Is it James Maddison’s time to shine for England?
Background image: Matt Churchill, CC BY 2.0
Gareth Southgate announced his latest England squad nine days ago for upcoming Euro 2020 qualifiers against Bulgaria and Kosovo. Among the usual suspects, there was a first call-up for defenders Tyrone Mings, Aaron Wan Bissaka. Midfielder Mason Mount is hoping to make his Three Lions debut. As is James Maddison.
Since joining Leicester City last summer, Maddison has proven Premier League worthy. More than that, the 22-year-old is developing into a top playmaker. His seven assists last season have been boosted with two more in this campaign’s first four games.
Having demonstrated his capability at Leicester, Maddison will be determined to earn an opportunity in England’s starting XI. Southgate’s expected to deploy a 4-3-2-1 formation. In central midfield, Declan Rice, Jordan Henderson, Harry Winks, Ross Barkley, Alex Oxlade-Chamberlain, Jesse Lingard, and Mount are jostling for places.
Either Rice or Henderson will take the holding role. That leaves six players battling for two positions. Is Maddison deserving?
A contender, Winks comes into his own when in possession, retaining it to ease pressure on teammates. He’s becoming more important to Tottenham Hotspur each day. Where Maddison surpasses him is in advanced areas. The 23-year-old’s recorded just one goal, no assists, in his last 30 Premier League appearances.
Barkley offers strong dribbling ability to surge through pitch’s middle. Playing a secondary role, he scored three goals, provided five assists for Chelsea last term. He’s now in first-team plans. The 25-year-old’s decision-making, however, isn’t on Maddison’s level. The Leicester star possesses far greater composure.
Most chances created in @premierleague since start of last season
107 JAMES MADDISON
98 Eden Hazard
96 Ryan Fraser
91 Joao Moutinho
Trailing Maddison in terms of short passing, Oxlade-Chamberlain largely covers up his propensity for surrendering the ball with rapid acceleration to beat opponents. He’s a good England option when fully match sharp. Unfortunately, a cruciate ligament rupture made him miss almost all 2018/19. The 26-year-old’s started only one Liverpool game since.
Lingard is a Southgate favourite. His energy coupled with perseverance fits into the gaffer’s philosophy. Nonetheless, many believe he’s fortunate to earn a call-up owing to poor form at Manchester United. The 26-year-old hasn’t scored or assisted in four league matches this season. Unlike Maddison, he tends to go missing when most needed.
A player in finer fettle, Mount’s currently flourishing at Chelsea. Holding down a regular spot, he’s notched two goals in four games. His timely runs into the penalty box together with composed finishing can be assets at international level. Where the 20-year-old falls to Maddison is a full campaign’s Premier League experience equating to 36 matches.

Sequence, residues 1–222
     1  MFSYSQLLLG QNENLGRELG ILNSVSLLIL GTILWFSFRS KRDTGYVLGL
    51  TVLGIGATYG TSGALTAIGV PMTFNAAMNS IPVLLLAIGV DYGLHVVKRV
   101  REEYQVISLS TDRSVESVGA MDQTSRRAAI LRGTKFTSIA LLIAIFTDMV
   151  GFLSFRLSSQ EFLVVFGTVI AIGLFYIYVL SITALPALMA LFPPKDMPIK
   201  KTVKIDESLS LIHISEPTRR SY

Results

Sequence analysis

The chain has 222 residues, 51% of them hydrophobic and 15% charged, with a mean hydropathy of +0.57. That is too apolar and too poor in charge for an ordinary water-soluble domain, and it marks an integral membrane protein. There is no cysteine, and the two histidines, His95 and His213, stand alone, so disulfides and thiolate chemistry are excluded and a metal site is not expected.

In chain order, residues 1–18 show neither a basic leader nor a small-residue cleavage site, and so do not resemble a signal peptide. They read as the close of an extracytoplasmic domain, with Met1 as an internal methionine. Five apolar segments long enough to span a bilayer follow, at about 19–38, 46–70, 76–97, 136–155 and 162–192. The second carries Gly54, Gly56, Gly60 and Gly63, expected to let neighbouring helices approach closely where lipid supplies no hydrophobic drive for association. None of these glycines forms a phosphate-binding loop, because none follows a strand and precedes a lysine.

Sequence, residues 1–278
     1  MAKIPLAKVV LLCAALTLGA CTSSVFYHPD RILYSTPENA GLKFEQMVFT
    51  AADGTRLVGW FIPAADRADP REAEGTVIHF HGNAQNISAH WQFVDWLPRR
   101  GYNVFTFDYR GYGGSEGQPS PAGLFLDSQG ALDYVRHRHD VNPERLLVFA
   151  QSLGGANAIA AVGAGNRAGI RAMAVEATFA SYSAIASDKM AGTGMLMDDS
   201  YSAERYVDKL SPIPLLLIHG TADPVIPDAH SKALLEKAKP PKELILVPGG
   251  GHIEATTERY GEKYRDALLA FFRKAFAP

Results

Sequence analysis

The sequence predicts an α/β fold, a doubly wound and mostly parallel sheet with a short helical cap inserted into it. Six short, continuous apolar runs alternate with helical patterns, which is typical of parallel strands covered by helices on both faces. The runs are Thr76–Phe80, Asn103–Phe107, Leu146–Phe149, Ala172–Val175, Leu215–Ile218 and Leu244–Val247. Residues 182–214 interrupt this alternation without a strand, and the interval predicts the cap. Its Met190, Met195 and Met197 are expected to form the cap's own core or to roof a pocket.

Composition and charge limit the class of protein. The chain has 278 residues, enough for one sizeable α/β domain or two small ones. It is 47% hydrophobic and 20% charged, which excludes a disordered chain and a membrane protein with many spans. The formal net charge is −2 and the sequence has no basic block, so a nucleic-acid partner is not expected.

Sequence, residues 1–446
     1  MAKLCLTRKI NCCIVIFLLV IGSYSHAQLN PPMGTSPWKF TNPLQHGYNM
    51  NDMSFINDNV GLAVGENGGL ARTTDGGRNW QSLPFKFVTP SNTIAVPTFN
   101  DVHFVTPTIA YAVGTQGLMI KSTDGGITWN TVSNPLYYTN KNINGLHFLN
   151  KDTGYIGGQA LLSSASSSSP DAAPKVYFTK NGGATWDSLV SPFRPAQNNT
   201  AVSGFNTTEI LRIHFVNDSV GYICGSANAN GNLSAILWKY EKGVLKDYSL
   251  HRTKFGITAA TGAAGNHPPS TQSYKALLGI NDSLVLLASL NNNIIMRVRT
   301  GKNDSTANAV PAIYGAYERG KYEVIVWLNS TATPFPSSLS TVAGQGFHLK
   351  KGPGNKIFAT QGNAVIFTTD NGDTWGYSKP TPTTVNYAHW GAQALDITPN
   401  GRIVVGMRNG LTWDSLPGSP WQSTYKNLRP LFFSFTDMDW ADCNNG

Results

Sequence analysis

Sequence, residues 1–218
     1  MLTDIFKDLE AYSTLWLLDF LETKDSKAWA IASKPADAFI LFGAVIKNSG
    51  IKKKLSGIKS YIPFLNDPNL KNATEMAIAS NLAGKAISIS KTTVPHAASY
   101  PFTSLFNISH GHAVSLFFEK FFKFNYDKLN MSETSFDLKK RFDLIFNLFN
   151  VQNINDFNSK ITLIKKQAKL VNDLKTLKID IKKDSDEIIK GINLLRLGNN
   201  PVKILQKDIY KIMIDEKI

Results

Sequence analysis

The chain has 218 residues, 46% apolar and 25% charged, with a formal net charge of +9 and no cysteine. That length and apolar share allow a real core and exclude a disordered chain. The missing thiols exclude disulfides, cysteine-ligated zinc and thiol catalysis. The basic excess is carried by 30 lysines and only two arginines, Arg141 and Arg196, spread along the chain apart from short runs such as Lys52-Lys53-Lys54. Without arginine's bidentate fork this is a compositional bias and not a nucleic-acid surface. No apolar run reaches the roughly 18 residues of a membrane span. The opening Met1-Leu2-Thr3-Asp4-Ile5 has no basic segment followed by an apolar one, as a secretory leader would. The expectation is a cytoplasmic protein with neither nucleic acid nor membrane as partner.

The Three Lions face Bulgaria tonight, at Wembley. A comfortable victory is anticipated. Krasimir Balakov’s men prop up Group A after losing two, drawing two, conceding seven. Maddison’s creativity can carve them open. It’s a good game in which to make his debut.
Kosovo will prove a tougher test three days later. Bernard Challandes' charges have one win, two draws to put them in third place, one point off their next opponents, the Czech Republic. Tight contests are often settled by set-pieces. Maddison’s pin-point delivery can prove crucial at St Mary’s.
Looking beyond that, Southgate needs a Maddison type permanently. England’s biggest problem at last summer’s World Cup was their failure to keep the ball. They conceded the majority of possession to both Belgium, Croatia, as well as let Colombia get on top for lengthy spells.
Alex Oxlade-Chamberlain been injured all season.
Mason Mount plays 3 games in premier league.
Joe Gomez injured and doesn't play.
All called up.
Whilst James Maddison only got his first call up today.
"Big club bias" doesn't exist tho
In most-recent two Nations League clashes against the Netherlands, Switzerland, the Three Lions rotated Barkley, Lingard, and Fabian Delph in centre-mid. Neither supply what’s greatly required. Compare that to 2010 and ‘14’s World Cup winners, Spain, Germany had Andres Iniesta, Mesut Ozil respectively. Without those two’s exquisite close-control along with awareness to retain possession, their nation’s would have struggled to conquer football’s grandest stage.
Maddison may not be near that level of Iniesta or Ozil but he’s on the right path. Not only will he improve England’s ball retention he’ll also link up well with pacey duo Jadon Sancho, Raheem Sterling, in addition to expert finisher Harry Kane. The Coventry-born must be given a chance against Bulgaria and Kosovo. His time has arrived.